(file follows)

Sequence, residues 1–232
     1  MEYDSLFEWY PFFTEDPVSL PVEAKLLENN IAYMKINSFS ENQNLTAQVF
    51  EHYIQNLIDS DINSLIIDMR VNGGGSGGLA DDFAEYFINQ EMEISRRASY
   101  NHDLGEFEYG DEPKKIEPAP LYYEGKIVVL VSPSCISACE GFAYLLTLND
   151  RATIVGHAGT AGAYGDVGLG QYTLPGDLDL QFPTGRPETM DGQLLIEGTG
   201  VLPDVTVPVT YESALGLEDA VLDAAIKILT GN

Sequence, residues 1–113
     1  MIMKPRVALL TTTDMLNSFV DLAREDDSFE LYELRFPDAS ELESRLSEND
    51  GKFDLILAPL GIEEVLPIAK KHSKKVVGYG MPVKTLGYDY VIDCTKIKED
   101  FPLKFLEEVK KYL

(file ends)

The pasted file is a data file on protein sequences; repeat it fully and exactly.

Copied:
Sequence, residues 1–232
     1  MEYDSLFEWY PFFTEDPVSL PVEAKLLENN IAYMKINSFS ENQNLTAQVF
    51  EHYIQNLIDS DINSLIIDMR VNGGGSGGLA DDFAEYFINQ EMEISRRASY
   101  NHDLGEFEYG DEPKKIEPAP LYYEGKIVVL VSPSCISACE GFAYLLTLND
   151  RATIVGHAGT AGAYGDVGLG QYTLPGDLDL QFPTGRPETM DGQLLIEGTG
   201  VLPDVTVPVT YESALGLEDA VLDAAIKILT GN

Sequence, residues 1–113
     1  MIMKPRVALL TTTDMLNSFV DLAREDDSFE LYELRFPDAS ELESRLSEND
    51  GKFDLILAPL GIEEVLPIAK KHSKKVVGYG MPVKTLGYDY VIDCTKIKED
   101  FPLKFLEEVK KYL